At the core of CSR, however, is the "socialist view that political mechanisms, not market mechanisms, are the appropriate way to determine the allocation of scarce resources to alternative uses." This detracts from efficiency and wastes resources, and may even reduce the provision of the social goods championed by CSR advocates. When people prosper because companies operate efficiently and enjoy economic freedom, they have more time, talent, and resources to help the less fortunate—and will do so much more efficiently than government can. The best way corporations can help people anywhere, and especially in developing countries, is to go about their business, trading and investing and creating the sustainable jobs that improve livelihoods.
For these and many other reasons, the U.S. government and America's business community should resist any efforts to make ISO 26000 CSR standards mandatory.
The Evolution of Corporate Social Responsibility
The modern concept of corporate social responsibility began to emerge in the United States in the late 1960s. CSR, as initially understood, was a combination of best corporate practices—which amounted to little more than obeying the law—and commitments to respect internationally recognized human rights, even those not codified in national law.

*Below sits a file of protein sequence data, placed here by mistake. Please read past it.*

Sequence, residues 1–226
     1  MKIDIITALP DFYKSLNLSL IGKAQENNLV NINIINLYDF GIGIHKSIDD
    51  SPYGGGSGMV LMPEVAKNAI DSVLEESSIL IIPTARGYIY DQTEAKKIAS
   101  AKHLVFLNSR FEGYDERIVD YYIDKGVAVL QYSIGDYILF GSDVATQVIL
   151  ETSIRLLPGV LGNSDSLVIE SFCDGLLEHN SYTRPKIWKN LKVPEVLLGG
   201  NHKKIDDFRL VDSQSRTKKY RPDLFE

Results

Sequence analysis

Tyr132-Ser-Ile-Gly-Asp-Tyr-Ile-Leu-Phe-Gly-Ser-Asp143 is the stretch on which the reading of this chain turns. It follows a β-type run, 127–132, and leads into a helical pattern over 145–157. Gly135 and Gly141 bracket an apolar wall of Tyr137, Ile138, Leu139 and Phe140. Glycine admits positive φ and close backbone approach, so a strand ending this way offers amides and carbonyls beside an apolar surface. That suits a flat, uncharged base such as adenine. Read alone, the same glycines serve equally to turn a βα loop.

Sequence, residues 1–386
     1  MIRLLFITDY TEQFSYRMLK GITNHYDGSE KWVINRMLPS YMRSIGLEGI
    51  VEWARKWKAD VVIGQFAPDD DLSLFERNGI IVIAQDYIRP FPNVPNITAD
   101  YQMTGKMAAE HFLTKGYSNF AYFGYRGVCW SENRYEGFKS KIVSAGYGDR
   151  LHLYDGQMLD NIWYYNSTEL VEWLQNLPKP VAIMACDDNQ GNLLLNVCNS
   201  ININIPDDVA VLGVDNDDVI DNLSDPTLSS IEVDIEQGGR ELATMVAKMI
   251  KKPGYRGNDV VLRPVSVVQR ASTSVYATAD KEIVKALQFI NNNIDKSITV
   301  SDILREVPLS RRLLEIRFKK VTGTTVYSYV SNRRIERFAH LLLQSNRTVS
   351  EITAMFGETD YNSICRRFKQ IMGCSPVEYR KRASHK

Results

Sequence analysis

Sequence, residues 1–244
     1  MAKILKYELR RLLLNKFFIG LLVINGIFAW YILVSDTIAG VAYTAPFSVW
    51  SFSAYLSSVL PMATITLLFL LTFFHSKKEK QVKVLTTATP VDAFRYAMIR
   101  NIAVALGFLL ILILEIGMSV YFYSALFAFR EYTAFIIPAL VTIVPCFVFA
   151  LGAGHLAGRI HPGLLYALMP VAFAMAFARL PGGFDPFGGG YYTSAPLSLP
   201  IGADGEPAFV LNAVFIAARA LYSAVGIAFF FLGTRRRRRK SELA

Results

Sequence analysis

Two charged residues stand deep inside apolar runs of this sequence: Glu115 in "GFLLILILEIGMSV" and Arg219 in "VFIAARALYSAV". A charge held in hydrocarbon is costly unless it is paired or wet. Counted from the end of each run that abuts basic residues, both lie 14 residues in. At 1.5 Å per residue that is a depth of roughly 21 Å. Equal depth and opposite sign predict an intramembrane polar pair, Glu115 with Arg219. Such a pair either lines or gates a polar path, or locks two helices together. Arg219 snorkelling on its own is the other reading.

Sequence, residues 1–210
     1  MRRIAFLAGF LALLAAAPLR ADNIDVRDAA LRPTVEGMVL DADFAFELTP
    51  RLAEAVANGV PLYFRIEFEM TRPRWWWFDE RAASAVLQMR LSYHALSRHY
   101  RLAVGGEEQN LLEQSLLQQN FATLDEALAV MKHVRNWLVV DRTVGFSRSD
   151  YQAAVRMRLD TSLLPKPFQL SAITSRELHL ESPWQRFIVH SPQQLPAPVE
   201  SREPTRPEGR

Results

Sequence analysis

Another aspect of early CSR efforts involved some oligopolistic U.S. corporations that sold politically sensitive products, such as cigarettes and gasoline, and faced activist critics who targeted them with intrusive government regulations and increased taxes. To deflect the critics, the companies hired Madison Avenue firms to design public relations campaigns to highlight their good works. Some oil and auto companies sponsored municipal arts and music events. Some tobacco firms made high-profile contributions to minority and women's organizations and sponsored high-visibility events such as professional tennis tournaments.
As it evolved over the years, the concept of good works was broadened to include funding for health care, education, or even infrastructure construction in poorer countries. The CSR concept was readily welcomed in Europe, where governments have always been more heavily involved with private businesses—in some cases as owners. While not traditionally the responsibility of the private sector, such CSR expenditures could sometimes be justified on the corporate bottom line by their impact on workforce productivity.
For cash-strapped developing countries, the lure of a revenue-enhancing "principle" (as CSR was viewed) that allowed them to tap corporate coffers was irresistible. If the concept had stopped there, CSR would have been little more than an additional corporate tax. As such, it would certainly have had negative effects, including the possibility of companies relocating to more business-friendly countries, though some additional revenues might have continued to flow to government coffers. Activists, however, saw CSR as a chance to highlight the "evils" of corporations and capitalism and to attack the profit motive that drives their growth. As is often the case, these efforts found fertile ground at the United Nations.